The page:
The majority of the more than 25 million Americans living with asthma enjoy active, healthy lives. But for others, despite using high-dose asthma medicines and avoiding triggers, severe symptoms are a part of daily life.
If this describes your experience, it could be severe asthma, a type of asthma that affects approximately 5-10% of those with the condition. Severe asthma is dangerous, increasing the risk of death, illness and depression, and limiting one’s ability to work or go to school.
Even with severe asthma, control is attainable, according to the American Lung Association, which offers the following three questions and answers to help you determine your next steps.
1. How do I know if my asthma symptoms are under control? With severe asthma, people tend to have three or more symptoms (sometimes daily), such as shortness of breath, chest tightness and coughing or wheezing, and most likely wake up nightly due to their symptoms.
Also, if you’ve gone to the emergency department or were hospitalized due to asthma at least two times during the past year and were given oral corticosteroids to keep asthma under control, your asthma is most likely not well controlled. Despite all your efforts to take your medications as prescribed, your symptoms continue. If this sounds like you, you may have severe asthma.
2. How do I know if I have severe asthma? There are several types of asthma and knowing which kind you have can help in your treatment plan and management of symptoms.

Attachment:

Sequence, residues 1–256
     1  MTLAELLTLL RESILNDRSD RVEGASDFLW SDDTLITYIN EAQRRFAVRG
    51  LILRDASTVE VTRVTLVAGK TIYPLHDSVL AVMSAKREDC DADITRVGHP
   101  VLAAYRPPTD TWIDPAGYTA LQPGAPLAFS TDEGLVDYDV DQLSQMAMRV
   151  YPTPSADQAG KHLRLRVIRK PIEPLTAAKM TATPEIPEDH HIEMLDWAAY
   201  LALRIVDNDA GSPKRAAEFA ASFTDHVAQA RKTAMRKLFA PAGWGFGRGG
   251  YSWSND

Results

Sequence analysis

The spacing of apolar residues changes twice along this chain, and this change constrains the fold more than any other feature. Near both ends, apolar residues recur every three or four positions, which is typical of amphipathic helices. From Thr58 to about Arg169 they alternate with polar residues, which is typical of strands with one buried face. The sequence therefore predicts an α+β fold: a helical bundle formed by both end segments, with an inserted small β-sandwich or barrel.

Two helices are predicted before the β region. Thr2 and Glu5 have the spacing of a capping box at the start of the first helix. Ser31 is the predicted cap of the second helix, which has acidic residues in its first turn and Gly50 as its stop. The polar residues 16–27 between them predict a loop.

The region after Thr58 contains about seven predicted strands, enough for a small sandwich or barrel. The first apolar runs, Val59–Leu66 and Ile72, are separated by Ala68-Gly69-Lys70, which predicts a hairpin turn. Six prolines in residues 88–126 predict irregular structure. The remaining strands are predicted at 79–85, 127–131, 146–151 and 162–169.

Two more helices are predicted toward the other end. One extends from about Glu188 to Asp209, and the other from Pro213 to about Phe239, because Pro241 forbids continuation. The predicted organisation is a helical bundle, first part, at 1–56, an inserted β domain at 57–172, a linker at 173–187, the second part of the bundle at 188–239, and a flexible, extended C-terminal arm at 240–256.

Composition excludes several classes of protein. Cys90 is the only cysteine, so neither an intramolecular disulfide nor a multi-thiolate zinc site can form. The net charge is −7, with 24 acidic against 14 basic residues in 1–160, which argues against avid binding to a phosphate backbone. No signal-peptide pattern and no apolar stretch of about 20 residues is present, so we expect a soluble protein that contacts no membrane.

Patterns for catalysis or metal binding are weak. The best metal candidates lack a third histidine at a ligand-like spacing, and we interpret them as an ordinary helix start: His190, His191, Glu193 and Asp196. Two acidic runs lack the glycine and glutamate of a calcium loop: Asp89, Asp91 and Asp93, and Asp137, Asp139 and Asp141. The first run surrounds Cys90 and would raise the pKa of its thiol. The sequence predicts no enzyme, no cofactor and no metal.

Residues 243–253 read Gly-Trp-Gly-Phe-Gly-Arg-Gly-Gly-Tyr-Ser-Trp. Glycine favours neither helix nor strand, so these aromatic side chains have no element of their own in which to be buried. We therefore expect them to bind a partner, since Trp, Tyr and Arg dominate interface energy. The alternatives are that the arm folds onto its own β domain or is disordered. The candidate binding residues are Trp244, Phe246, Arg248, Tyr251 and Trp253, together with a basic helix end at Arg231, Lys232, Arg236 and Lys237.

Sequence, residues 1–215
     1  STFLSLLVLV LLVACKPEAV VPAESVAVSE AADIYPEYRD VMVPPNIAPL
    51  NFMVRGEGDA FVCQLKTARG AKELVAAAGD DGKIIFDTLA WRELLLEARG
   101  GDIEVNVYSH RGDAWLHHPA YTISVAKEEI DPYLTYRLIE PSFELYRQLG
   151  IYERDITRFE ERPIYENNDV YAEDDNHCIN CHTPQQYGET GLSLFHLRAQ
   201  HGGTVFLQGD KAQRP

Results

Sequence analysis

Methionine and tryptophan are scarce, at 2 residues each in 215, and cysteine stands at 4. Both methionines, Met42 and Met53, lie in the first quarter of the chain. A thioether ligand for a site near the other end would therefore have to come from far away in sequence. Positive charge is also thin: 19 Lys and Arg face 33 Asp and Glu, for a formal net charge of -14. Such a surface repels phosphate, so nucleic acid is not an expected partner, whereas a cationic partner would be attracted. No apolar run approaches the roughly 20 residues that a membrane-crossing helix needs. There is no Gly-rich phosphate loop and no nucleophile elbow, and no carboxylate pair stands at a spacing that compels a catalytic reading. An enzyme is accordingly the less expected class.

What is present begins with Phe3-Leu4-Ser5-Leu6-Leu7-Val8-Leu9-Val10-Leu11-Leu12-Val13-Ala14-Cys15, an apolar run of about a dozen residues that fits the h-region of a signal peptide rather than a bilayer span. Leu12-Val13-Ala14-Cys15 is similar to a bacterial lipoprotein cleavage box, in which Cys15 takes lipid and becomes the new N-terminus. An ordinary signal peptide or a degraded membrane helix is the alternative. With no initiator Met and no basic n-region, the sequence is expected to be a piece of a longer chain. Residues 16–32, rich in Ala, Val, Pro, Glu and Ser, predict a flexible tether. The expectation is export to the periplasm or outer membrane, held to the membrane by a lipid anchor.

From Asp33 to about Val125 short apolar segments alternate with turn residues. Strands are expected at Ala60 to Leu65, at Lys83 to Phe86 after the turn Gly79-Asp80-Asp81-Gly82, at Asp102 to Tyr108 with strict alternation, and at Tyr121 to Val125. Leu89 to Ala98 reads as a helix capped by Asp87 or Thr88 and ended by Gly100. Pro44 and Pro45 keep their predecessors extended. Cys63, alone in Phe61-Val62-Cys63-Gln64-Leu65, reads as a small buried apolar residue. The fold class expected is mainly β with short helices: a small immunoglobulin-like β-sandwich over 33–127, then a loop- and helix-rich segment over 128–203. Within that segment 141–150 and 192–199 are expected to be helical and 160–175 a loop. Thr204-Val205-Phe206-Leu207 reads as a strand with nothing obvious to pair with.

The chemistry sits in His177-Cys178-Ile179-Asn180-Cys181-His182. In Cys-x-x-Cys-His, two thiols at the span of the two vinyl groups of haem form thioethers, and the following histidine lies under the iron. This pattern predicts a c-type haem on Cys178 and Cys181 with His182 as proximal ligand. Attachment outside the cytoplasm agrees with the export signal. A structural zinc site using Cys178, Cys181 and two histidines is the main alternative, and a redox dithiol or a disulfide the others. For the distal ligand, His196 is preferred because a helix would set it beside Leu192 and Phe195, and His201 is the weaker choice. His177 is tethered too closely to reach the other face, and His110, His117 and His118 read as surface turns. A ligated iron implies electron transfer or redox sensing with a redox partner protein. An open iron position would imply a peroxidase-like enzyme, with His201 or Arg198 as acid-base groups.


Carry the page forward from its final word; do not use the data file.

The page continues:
Testing for severe asthma may involve taking a blood sample, analyzing your lung mucus or taking a breath droplet test. Such tests are looking for biomarkers, or identifiers that cause Type 2 inflammation, or other factors that cause non-Type 2 inflammation, resulting in your daily uncontrolled symptoms.
Common types of severe asthma include allergic, eosinophilic (also known as e-asthma) and noneosinophilic asthma. If your specialist confirms a diagnosis of severe asthma and determines your specific type, he or she will develop a personalized treatment plan with you.
3. Which severe asthma treatments are available? Treatment options may include:
• Biologics: medicines targeting biomarkers causing Type 2 inflammation.
• Bronchial thermoplasty: a minor lung procedure that applies heat to the airways to decrease overgrowth (remodeling) of the smooth muscles and improve symptoms.
• Antibiotic medicines or oral corticosteroids: medicines targeting non-Type 2 inflammation caused when there are unknown biomarkers, or as a result of other health conditions. Note: If possible, it is important to discuss with your doctor how best to reduce the need for oral corticosteroids.
Once you have a better understanding of your asthma, you may need to see a specialist who can better explain which type of asthma you have and which treatment options are available. Make an appointment to visit your asthma doctor to start the discussion.